North Central College student Emily Albright of Naperville has earned a prestigious National Science Foundation (NSF) Graduate Fellowship.
The three-year award carries a $30,000 annual stipend and nearly $12,000 in additional funding for educational expenses and travel. Albright, a senior majoring in biochemistry, plans to pursue graduate studies in molecular biology and has been accepted to several top institutions.
Albright was named a 2009 Goldwater Scholar, the highest national undergraduate award for achievement in the natural sciences. She was selected for a summer research program at the Massachusetts Institute of Technology (MIT), where she researched the mechanisms of DNA repair.
“Emily is one of the brightest young scientists I’ve had the privilege to work with,” says Jonathan Visick, associate professor of biology at North Central. “It is particularly noteworthy that she won this fellowship as a senior, as most recipients are already graduate students. We are certain she will have a bright future in biomedical research.”
Albright’s passion for laboratory research started her first year at North Central. During summer 2007, Albright worked with North Central's Stephen Johnston, Roger and Nadeane Hruby Professor of Liberal Arts and Sciences, to investigate yeast cell genetics and cellular growth associated with diseases such as Down syndrome, Alzheimer's and cancer. She presented her work at the 2008 National Conference for Undergraduate Research and the College's 2008 Rall Symposium for Undergraduate Research. They also co-presented their research on yeast cell genetics and regulation of cellular growth at the 2008 Yeast Genetics and Molecular Biology Meeting and the 2007 Midwest Yeast Meeting. Beginning in 2008 she worked with Visick—recipient of a grant from the National Institute on Aging—to support research into protein repair in bacteria and its relationship to aging.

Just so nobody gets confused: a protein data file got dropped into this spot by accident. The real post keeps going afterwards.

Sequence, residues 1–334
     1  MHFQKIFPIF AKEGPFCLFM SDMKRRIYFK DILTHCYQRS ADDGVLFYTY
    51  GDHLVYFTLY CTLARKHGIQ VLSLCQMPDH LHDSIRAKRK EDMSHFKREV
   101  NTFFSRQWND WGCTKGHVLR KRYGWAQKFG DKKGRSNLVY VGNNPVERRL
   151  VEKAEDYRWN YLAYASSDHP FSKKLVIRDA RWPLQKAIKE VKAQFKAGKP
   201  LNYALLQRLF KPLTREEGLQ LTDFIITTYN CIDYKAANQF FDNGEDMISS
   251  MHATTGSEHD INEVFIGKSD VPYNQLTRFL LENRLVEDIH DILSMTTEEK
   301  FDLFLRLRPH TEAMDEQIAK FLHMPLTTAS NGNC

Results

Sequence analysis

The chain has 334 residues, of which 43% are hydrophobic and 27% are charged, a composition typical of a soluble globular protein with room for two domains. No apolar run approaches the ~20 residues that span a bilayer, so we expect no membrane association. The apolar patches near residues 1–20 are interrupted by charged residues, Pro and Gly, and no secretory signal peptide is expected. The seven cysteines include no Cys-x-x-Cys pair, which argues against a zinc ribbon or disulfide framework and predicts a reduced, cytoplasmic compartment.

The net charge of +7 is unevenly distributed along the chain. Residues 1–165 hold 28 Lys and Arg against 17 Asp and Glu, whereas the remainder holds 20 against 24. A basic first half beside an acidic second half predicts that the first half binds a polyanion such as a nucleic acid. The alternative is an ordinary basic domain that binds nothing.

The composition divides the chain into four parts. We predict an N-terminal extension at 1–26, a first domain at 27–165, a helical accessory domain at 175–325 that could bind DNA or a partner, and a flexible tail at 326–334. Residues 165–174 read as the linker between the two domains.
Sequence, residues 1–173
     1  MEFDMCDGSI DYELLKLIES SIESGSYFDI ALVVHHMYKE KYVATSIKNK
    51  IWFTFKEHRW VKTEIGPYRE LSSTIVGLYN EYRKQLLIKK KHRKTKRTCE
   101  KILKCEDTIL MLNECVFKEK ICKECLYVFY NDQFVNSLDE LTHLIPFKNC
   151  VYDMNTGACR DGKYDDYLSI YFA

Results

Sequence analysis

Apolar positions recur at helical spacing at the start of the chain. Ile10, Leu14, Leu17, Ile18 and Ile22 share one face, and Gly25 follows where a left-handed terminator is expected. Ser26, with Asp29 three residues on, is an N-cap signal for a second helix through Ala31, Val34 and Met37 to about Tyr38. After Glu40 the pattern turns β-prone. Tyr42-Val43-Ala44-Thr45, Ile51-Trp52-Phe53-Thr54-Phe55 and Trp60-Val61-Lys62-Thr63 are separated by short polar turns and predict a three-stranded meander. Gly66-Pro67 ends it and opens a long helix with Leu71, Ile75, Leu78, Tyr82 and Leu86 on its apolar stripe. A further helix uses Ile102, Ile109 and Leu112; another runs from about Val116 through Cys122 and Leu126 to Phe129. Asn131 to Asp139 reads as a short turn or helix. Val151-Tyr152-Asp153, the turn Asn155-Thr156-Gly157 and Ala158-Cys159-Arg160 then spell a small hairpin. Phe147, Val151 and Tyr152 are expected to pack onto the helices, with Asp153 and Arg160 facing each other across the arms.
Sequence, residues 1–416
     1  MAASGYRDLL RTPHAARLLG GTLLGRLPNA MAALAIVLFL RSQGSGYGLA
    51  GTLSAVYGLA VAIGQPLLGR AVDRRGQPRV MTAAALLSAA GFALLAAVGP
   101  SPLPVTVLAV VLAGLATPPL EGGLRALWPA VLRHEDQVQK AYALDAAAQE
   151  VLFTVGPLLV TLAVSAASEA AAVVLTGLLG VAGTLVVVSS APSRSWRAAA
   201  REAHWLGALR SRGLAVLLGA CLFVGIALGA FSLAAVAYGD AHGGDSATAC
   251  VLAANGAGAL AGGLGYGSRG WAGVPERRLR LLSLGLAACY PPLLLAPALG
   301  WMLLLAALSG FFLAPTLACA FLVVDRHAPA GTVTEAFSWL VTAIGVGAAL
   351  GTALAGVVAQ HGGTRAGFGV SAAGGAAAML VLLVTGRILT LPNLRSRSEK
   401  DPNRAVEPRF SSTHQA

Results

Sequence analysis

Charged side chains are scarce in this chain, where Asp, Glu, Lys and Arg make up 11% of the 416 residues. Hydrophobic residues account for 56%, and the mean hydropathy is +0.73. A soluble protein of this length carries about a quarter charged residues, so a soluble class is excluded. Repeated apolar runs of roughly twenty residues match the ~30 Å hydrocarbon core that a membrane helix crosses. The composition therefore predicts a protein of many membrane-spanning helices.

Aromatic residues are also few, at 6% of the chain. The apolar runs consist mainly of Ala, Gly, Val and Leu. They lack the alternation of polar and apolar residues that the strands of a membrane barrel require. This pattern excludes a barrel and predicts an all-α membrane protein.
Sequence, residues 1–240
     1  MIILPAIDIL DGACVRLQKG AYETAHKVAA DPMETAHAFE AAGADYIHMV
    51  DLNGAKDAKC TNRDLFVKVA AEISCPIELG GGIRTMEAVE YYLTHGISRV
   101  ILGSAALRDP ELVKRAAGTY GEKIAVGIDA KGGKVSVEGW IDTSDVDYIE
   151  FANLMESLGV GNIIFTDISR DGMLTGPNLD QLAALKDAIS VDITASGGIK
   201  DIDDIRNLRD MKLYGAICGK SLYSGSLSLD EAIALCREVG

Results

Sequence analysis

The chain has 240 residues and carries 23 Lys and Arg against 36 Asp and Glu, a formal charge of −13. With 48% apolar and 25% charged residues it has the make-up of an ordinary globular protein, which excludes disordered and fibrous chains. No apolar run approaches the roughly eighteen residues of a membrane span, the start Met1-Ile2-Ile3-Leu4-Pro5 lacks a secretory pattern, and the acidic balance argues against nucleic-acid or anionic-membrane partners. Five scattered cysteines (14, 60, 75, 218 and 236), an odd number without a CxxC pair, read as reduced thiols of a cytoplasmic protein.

“The opportunities I have had to do research and interact one on one with my professors have had an enormous influence on me,” Albright says. “When it comes to undergraduate research, you can't beat North Central. I think my experiences at North Central have prepared me for graduate school because, in a lot of ways, Dr. Johnston and Dr. Visick have let me be almost like a graduate student. They give fabulous advice and guidance, but they also let me take ownership of my projects. I get to make a lot of decisions and do a lot of thinking. It is real research, not just following instructions from a sheet of paper.”
Albright is a 2006 graduate of Wheaton Academy.
The National Science Foundation’s Graduate Research Fellowship provides three years of support for graduate study leading to research-based masters or doctoral degrees and is intended for students who are in the early stages of their graduate study. The program recognizes and supports outstanding graduate students in science, technology, engineering and mathematics disciplines who are pursuing research-based master's and doctoral degrees in the United States and abroad.
The National Science Foundation awarded 1,654 graduate fellowships this year, up from about 1,200 in 2009. President Barack Obama told the National Academy of Sciences in 2009 he would increase funding to triple the number of graduate research fellowships awarded annually. Visit www.nsf.gov/grfp to learn more.